“We didn't have distribution,” Balaban says. “We didn't have trailers. We barely had film in the camera. And you can certainly make a movie for, say, $50,000, but it is very, very hard to make a movie about the richest woman in the world [eccentric tobacco heiress Doris Duke, and her butler Bernard Lafferty] without any money. Everything was a struggle, even to find good flowers to put on the tables. We had to go steal them from friends' houses.”

Some executives and stars were just happy to get another chance to actually win a statue. At Universal Media Studios, head Katherine Pope was heartened that House star Hugh Laurie received a third nomination for outstanding lead actor in a drama, but won't be satisfied until he wins one. “All right already,” she says. “He is so overdue.”

Likewise, Warner Bros. has its fingers crossed that Two and a Half Men can finally break through on the best comedy front—or star Charlie Sheen can win an outstanding lead comedy actor award after being nominated for the third year in a row.

Universal's Pope was encouraged by Friday Night Lights' first-time nomination for best drama, considering its low ratings and fragile survival.

At CBS Paramount, VP of Communications Lauri Metrose says the studio was elated that The Amazing Race will “have the opportunity to go for a record six [wins] in a row” in the outstanding reality/competition category. But Race is another series where critical acclaim doesn't appear to translate into ratings.

Of course, the Emmy telecast itself is not as popular as it once was, in large part because cable has fragmented the audience. Ratings for the Emmy broadcast fell to 4.3 in the adult 18-to-49 demographic (5.7 million viewers in that group) last year, down from 7.1 (9.2 million) in 2003.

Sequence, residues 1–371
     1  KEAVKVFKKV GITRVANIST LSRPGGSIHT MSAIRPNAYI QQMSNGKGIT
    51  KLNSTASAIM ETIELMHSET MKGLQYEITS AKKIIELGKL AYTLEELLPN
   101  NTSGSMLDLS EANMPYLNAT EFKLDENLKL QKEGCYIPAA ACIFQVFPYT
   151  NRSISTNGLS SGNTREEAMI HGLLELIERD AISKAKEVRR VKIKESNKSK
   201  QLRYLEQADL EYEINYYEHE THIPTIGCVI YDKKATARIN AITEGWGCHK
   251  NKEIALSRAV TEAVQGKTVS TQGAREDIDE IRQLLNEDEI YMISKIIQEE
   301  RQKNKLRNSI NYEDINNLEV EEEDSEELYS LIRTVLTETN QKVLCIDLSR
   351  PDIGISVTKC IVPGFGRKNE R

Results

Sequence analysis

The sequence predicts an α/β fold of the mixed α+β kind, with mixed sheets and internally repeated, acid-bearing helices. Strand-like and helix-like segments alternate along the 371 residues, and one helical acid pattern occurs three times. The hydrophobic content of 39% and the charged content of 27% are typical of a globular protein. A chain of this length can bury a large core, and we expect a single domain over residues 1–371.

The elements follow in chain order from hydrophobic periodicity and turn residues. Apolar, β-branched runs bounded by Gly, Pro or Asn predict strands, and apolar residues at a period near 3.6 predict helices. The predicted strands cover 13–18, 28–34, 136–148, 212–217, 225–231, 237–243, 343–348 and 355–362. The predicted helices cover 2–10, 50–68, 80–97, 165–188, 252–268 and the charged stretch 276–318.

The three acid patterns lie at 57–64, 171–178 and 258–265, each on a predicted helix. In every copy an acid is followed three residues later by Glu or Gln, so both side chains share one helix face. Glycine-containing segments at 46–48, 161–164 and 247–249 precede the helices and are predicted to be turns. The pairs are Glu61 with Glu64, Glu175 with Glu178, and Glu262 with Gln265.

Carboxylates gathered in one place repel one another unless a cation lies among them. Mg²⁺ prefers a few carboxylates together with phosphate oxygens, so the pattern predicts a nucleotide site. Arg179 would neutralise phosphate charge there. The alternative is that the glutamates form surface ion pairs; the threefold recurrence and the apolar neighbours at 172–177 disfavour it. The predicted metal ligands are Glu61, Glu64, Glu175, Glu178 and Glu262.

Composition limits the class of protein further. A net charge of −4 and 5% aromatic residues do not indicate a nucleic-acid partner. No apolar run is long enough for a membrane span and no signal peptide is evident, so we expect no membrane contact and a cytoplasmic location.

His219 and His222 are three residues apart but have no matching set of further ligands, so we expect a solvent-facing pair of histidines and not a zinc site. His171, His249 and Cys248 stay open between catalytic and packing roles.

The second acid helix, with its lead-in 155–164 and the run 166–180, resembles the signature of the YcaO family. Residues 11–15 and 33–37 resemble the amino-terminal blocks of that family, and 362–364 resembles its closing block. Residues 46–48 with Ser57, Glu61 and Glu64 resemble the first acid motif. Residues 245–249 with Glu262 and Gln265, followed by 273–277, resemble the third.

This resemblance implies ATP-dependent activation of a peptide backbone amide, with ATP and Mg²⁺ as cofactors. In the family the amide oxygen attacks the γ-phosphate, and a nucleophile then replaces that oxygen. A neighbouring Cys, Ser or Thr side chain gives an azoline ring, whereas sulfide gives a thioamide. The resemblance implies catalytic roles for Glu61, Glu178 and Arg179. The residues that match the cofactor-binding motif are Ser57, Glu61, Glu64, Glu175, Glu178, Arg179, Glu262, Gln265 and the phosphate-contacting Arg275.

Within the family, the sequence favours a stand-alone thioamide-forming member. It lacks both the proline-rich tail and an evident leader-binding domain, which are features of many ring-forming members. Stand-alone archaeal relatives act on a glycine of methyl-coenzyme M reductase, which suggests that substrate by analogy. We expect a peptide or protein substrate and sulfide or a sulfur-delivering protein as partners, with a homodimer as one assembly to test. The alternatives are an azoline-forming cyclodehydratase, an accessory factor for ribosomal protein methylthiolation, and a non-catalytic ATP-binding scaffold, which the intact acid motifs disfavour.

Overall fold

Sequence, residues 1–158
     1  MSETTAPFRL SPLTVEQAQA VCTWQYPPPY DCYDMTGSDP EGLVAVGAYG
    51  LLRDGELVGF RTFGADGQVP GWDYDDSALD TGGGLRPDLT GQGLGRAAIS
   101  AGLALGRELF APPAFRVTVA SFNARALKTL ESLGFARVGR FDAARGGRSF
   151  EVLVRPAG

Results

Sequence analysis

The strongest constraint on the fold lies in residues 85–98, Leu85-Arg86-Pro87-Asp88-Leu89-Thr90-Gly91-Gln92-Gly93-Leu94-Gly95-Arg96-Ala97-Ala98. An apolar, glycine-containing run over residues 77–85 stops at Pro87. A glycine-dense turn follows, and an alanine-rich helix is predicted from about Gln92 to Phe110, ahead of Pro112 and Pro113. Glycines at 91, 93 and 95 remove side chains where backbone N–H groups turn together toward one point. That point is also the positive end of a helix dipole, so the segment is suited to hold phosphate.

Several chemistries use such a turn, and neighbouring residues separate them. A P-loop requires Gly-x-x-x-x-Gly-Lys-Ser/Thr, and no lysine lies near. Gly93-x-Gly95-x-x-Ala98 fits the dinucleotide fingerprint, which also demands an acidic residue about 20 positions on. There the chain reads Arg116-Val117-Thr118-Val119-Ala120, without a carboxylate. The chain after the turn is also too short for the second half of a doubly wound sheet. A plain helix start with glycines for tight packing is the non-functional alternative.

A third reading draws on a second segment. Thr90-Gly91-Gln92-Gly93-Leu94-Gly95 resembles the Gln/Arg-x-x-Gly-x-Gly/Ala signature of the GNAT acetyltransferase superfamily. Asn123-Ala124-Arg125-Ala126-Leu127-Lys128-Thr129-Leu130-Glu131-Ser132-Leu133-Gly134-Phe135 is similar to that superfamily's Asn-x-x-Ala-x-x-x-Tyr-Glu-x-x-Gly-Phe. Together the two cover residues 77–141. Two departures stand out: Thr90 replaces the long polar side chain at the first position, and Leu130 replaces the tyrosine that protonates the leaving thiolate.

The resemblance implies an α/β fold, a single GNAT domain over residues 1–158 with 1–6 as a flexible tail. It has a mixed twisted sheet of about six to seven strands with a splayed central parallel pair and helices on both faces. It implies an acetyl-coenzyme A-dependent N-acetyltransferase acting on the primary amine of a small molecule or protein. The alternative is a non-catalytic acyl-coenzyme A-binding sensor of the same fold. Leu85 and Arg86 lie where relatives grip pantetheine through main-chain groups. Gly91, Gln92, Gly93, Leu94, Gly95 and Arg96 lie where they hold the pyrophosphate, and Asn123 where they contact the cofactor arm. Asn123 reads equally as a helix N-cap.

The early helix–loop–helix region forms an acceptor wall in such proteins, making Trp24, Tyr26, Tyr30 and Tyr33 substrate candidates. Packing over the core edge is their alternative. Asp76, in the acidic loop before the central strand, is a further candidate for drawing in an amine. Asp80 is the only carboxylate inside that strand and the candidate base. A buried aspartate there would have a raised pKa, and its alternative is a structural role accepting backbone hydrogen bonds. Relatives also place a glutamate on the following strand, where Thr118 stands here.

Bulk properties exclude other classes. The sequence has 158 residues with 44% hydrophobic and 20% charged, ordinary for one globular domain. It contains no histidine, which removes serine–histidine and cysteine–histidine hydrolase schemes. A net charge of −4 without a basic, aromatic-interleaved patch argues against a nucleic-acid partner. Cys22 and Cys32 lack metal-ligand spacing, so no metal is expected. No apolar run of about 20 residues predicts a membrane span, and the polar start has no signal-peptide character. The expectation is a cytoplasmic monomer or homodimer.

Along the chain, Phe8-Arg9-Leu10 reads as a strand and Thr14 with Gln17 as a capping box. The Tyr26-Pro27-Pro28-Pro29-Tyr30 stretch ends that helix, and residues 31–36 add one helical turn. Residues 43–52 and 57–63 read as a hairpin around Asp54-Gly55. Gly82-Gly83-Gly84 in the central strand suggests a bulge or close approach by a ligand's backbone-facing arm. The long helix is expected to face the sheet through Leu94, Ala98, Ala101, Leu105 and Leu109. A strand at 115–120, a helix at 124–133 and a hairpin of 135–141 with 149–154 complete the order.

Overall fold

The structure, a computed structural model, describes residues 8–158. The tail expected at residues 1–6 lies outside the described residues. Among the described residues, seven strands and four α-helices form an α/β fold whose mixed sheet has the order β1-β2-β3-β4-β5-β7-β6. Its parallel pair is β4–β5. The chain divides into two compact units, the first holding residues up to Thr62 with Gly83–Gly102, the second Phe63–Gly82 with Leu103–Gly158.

But networks believe Emmys hold enough sway that they continue to tout them in show promotions. And they continue to spend hundreds of thousands of dollars a year trying to persuade Academy of Television Arts & Sciences members to vote their way. Those costs, however, may be declining as networks increasingly “go green” and post “For Your Consideration” screeners online. “Ecological, economical, and it took care of any concerns we had about piracy because you couldn't download the shows,” says Showtime's Richard Licata, who made the network's series available on the Web this spring.

Some executives say the awards can be a benefit on Madison Avenue. “It's good for your advertisers because they know they're supporting top-shelf work and it's good for our affiliate relationships…it's good that they see their investments are being rewarded,” says AMC's Collier.

FX chief John Landgraf also says Emmy success has persuaded advertisers to support some of his network's edgier fare, but acknowledged that “there has never really been a strong, established correlation between Emmy wins and ratings.” But, he adds, “That doesn't mean they're not important or valuable.”

David Goetzl contributed to this story.